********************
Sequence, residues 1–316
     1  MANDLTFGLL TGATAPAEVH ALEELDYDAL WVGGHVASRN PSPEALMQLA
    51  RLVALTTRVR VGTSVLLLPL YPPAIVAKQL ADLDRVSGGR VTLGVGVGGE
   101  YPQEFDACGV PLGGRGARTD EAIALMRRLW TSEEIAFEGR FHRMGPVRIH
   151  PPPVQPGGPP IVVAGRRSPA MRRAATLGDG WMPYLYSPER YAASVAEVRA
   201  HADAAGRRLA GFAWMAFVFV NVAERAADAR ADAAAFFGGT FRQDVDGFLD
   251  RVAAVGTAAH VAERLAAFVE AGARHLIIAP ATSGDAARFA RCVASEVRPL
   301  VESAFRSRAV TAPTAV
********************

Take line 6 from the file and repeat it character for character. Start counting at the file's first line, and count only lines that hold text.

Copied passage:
   201  HADAAGRRLA GFAWMAFVFV NVAERAADAR ADAAAFFGGT FRQDVDGFLD